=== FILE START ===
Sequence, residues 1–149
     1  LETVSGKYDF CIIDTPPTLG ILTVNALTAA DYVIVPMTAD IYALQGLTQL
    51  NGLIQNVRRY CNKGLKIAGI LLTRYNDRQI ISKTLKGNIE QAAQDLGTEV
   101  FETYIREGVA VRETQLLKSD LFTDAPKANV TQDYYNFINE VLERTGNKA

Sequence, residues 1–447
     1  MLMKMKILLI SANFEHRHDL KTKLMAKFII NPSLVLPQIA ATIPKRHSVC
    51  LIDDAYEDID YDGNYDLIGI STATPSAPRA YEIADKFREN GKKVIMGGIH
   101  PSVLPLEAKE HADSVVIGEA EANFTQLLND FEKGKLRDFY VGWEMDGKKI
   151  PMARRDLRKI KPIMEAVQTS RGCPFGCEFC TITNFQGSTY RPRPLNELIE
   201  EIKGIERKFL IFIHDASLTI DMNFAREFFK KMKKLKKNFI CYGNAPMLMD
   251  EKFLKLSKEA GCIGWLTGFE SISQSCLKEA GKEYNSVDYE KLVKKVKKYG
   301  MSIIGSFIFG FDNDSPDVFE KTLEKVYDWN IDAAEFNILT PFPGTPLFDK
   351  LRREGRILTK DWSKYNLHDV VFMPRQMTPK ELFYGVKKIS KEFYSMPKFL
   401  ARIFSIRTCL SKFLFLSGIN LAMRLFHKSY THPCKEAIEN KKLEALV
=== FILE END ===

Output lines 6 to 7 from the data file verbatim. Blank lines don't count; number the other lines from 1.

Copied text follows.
     1  MLMKMKILLI SANFEHRHDL KTKLMAKFII NPSLVLPQIA ATIPKRHSVC
    51  LIDDAYEDID YDGNYDLIGI STATPSAPRA YEIADKFREN GKKVIMGGIH